Every quarter at NuWaves, our team joins the President for discussion of a book that is intended to help improve the company. We are currently on book #38, which revolves around the topic of ownership; we read books on various topics including leadership development, business challenges, teamwork, and organizational culture. Every now and then, we read a book that really rings true for the culture we strive to create at NuWaves every day – a One Team culture of dedicated people, processes, and accountability.
NuWaves strives to create a culture based on the principles of extreme ownership to improve teamwork, accountability, and leadership at all levels
The last book we read was ‘Extreme Ownership’, by former Navy SEALs Jocko Willink and Leif Babin. While the military theme of the book was certainly enjoyed by our patriotic group, the messages of true ownership are what really hit home with our teammates. This is a must-read for anyone desiring to improve their leadership or improve accountability and teamwork. Based on our experience as leaders and growing a business, some key takeaways to support an ‘ownership’ mindset in the culture are described below.
1. No Ego: Not only were there several examples throughout the book that described how detrimental ego can be to teamwork and accountability, but we see it in business every day. Watching out for defensiveness, blaming, and excessive pride can keep the ego in check and allow all members to better serve the team.
2. Take Ownership, No Excuses: All employees are responsible for taking ownership of their situation and getting what they need from their teammates and their leaders to lead the team to success. If a situation needs improving, take action to improve it by seeking clarity, communicating, working as a team, and letting go of egos.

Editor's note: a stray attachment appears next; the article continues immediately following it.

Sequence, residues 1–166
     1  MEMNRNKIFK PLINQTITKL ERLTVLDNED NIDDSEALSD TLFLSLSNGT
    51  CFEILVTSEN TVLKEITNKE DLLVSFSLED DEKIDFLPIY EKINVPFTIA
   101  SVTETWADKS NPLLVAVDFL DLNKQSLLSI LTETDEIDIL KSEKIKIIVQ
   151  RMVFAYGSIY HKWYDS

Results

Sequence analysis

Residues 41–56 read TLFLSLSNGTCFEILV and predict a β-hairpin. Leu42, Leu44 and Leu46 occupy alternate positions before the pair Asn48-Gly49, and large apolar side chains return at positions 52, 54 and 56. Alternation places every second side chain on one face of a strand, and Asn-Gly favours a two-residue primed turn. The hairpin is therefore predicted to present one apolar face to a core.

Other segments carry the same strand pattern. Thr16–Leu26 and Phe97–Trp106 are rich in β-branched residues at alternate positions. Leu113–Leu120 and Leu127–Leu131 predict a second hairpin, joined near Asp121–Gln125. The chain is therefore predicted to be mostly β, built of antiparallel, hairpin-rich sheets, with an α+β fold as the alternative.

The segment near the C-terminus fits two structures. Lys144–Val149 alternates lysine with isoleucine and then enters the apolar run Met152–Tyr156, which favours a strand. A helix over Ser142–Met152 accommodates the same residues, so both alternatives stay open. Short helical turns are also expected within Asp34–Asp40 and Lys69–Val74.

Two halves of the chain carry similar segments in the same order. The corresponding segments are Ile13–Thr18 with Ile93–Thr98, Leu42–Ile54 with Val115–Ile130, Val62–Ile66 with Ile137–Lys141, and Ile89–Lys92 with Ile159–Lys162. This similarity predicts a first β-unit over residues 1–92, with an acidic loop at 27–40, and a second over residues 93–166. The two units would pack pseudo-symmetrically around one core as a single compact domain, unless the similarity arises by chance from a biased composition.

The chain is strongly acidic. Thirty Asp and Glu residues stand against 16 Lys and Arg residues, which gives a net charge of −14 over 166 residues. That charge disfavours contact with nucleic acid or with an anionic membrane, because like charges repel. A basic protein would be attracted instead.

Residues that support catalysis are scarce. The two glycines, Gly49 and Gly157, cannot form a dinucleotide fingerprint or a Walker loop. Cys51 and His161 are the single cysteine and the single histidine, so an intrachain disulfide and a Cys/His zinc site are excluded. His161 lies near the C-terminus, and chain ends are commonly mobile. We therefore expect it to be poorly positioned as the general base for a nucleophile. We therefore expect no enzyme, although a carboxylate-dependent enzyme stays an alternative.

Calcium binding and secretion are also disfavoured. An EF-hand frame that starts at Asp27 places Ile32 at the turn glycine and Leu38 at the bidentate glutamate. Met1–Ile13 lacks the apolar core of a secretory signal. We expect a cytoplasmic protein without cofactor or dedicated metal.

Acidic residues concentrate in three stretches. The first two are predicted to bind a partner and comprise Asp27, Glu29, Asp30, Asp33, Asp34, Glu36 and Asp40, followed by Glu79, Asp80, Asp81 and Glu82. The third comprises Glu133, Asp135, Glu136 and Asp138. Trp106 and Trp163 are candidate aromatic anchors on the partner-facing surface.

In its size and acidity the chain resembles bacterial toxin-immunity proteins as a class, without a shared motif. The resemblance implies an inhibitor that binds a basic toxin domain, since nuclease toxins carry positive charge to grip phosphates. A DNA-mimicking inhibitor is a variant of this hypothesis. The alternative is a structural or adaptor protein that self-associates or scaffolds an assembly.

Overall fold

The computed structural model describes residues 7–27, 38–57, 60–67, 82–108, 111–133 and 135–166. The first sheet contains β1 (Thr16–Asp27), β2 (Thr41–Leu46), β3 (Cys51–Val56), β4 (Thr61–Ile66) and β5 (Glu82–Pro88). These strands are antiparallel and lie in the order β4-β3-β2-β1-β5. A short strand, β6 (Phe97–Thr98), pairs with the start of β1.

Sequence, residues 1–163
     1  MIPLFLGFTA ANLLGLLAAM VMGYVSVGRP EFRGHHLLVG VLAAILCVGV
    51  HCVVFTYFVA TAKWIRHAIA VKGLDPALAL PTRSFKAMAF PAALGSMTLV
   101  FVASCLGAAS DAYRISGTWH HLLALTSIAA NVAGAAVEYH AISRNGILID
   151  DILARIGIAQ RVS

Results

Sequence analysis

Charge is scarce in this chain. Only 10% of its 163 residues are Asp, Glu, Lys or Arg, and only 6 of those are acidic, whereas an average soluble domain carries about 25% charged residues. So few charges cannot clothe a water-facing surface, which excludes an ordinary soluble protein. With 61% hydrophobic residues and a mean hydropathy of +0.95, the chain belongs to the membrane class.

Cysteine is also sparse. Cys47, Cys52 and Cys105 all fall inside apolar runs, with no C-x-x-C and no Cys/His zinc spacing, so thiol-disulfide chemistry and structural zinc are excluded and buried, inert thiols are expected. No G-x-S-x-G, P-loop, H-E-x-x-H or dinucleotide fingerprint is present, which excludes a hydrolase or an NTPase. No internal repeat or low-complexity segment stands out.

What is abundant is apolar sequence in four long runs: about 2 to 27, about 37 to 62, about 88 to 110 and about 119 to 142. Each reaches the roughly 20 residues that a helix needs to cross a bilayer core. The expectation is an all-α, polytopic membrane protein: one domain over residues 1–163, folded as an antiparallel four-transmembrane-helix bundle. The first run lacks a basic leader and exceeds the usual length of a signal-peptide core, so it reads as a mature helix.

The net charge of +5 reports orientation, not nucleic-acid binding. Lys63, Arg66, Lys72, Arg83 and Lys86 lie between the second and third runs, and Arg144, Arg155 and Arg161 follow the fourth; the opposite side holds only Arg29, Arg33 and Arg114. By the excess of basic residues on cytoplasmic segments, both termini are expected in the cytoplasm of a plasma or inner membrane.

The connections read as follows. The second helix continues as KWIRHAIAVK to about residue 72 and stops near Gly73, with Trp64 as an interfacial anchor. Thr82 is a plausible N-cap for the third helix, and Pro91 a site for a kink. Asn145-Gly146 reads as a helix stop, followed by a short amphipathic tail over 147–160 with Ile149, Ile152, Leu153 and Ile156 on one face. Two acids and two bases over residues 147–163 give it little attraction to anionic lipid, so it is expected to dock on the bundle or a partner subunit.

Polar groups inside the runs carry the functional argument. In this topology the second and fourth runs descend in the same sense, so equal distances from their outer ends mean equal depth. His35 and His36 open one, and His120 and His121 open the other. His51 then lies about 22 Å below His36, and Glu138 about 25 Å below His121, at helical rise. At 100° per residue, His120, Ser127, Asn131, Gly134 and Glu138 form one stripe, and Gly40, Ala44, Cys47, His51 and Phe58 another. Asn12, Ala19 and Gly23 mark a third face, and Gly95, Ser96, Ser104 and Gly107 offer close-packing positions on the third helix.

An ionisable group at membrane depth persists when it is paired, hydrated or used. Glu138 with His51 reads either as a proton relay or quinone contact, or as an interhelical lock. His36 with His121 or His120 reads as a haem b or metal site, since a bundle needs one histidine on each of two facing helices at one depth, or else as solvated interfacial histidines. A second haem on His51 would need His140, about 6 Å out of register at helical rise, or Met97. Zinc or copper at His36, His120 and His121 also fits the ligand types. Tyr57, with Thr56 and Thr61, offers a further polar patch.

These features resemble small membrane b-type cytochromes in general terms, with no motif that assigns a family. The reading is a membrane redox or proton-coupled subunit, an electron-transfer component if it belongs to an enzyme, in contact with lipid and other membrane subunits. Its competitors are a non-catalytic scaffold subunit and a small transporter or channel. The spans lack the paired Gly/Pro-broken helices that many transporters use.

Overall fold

3. Leaders Have Ultimate Responsibility: If you are the leader, and something goes wrong, it is ultimately on you. No excuses. It is your job to communicate and make sure your team has the proper situational awareness to make good decisions. It is your job to build a strong team and remove non-performers. It is your job to prioritize and set clear goals.
4. Communicate, Communicate, Communicate: Everyone on the team has the responsibility to communicate effectively. Leaders need to provide situational awareness. Everyone on the team has the responsibility to ask questions and seek clarity so they can make good decisions.
5. Prioritize: We have so many initiatives we want to tackle as a company that it can sometimes be overwhelming. It is important to step back, and set clear priorities, plans, and timelines so we can make real progress instead of tackling everything at once.
Overall, this was an excellent read that allowed us to make positive changes in the way we work as a team. We are looking forward to our next read, “The Ideal Team Player”, by Patrick Lencioni.
Interested in joining a great team focused on continuous improvement and accountability? Check out our open positions!
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